Tuesday, September 8, 2020

WHEN I WAS YOU :: Amber Garza

A version of this review previously appeared in Shelf Awareness and is republished here with permission.

"Why would I need to call my therapist just because I made a new friend?" Kelly Medina is affronted when her best friend shows concern over her interest in a new young woman in town with a baby. But "it was simple curiosity," Kelly tells herself, "that's all. Nothing sinister or odd. This was normal. Completely normal." Amber Garza's thrilling and clever When I Was You quickly delves into why Kelly's curiosity may not be "normal" and then doles out twists and turns at the perfect pace, leading up to a fantastic conclusion.

Kelly feels like a ghost. Her beloved son, Aaron, went off to college. Her husband, Rafael, returns to Folsom less and less from his job in the Bay Area. Then an errant phone call from her former pediatrician's office alerts Kelly there is another Kelly Medina in town. Instantly intrigued, feeling she's found a younger version of herself, Kelly can't help but investigate and ultimately finagle a way to meet new Kelly.

Writing from original Kelly's perspective, Garza throws tidbit after tidbit that raises questions about original Kelly's state of mind, past behavior and required therapy, Rafael's distance and attitude, and the million-dollar inquiry--who is new Kelly? Garza deftly uses original Kelly's narration to follow an erratic path, forcing the reader to switch assumptions numerous times. Is original Kelly an obsessive stalker with psychiatric issues? Or is new Kelly playing some game with unknown rules and consequences? When I Was You is a gripping psychological barnburner.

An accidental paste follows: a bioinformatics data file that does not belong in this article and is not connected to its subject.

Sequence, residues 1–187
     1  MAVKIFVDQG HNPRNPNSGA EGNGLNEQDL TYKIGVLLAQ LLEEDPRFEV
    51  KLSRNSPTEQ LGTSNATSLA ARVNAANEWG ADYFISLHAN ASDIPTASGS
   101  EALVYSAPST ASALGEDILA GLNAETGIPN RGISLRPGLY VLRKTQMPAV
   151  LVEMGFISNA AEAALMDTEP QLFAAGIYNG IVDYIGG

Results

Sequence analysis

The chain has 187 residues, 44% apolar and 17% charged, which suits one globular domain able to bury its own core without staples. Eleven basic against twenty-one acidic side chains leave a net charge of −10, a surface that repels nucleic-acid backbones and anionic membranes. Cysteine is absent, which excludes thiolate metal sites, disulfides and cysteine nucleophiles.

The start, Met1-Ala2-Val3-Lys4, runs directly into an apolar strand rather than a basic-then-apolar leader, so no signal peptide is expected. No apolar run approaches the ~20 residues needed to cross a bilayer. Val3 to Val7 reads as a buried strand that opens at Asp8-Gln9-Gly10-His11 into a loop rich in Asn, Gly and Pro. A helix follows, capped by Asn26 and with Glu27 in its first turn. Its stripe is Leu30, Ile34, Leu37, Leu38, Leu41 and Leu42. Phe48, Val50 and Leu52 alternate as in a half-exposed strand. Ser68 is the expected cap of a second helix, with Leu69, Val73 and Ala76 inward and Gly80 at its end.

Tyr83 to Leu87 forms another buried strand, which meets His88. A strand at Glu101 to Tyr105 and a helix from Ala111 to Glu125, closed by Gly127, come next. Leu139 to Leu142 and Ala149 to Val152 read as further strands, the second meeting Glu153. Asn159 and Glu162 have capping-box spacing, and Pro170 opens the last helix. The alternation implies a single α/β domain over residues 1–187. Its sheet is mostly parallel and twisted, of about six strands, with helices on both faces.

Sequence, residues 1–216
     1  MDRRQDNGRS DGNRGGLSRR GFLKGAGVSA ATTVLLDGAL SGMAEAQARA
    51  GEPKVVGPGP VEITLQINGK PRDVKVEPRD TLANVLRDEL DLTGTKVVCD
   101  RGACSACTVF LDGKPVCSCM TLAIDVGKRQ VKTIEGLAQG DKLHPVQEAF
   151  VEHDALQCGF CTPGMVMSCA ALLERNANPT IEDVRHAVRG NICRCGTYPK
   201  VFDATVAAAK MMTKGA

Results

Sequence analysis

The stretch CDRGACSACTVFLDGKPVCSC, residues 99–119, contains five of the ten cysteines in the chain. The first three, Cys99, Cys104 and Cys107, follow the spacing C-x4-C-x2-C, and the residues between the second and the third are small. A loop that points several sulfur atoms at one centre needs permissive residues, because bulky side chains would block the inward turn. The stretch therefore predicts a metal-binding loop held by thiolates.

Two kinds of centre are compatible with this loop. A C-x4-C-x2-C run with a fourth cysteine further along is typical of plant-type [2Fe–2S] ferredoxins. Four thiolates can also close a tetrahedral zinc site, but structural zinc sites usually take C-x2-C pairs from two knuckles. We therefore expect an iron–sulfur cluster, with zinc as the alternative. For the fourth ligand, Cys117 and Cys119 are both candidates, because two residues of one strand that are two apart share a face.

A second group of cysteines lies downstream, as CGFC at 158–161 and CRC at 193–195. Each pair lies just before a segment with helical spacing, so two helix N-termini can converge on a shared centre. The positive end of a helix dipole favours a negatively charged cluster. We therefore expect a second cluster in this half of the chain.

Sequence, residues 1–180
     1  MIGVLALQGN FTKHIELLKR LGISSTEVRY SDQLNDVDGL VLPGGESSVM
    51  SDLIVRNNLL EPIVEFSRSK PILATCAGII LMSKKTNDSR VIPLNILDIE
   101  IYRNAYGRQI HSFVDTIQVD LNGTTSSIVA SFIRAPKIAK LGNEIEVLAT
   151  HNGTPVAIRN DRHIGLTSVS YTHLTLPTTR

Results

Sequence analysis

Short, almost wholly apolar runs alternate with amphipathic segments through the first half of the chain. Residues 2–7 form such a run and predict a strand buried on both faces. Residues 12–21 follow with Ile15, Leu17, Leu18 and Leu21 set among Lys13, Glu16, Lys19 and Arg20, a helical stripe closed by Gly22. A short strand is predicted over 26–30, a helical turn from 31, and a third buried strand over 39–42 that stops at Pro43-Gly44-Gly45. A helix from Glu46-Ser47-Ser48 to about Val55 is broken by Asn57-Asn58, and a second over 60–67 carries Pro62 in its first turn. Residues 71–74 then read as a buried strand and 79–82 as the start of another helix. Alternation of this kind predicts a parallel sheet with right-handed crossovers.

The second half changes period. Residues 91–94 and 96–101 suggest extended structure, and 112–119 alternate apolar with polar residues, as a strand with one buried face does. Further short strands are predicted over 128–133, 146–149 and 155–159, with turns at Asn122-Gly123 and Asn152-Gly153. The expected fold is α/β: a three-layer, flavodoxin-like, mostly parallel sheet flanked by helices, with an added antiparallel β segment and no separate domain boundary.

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About Malcolm Avenue Review

I was lucky enough to be born and raised in a nifty, oak-shaded ranch house on Malcolm Avenue, a wide-laned residential street with little through traffic, located amid the foothills of Northern California. It was on that street and in that house I learned most of my adolescent life lessons, and many grown-up ones to boot. Malcolm Avenue was "home" for more than thirty years.

It was on Malcolm Avenue, through and with my family and the other families that made up our neighborhood of characters, that I first learned about and gained an appreciation for the things I continue to love the most to this day: music, animals, photography, sports, television/movies and, of course, books.

I owe a debt of gratitude to that life on Malcolm Avenue. It gave me a sense of community and friendship, support and adventure. For better and worse, life on that street likely had the biggest impact on the person I've become. So this blog, and the things I write here, are all, at their base level, a little bit of a love letter to Malcolm Avenue.


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